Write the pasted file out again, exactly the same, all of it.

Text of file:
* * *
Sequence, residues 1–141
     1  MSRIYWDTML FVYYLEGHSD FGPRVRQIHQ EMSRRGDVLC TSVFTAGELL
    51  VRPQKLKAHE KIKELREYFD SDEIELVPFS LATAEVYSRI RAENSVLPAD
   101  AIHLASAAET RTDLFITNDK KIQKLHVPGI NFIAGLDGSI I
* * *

Sequence, residues 1–141
     1  MSRIYWDTML FVYYLEGHSD FGPRVRQIHQ EMSRRGDVLC TSVFTAGELL
    51  VRPQKLKAHE KIKELREYFD SDEIELVPFS LATAEVYSRI RAENSVLPAD
   101  AIHLASAAET RTDLFITNDK KIQKLHVPGI NFIAGLDGSI I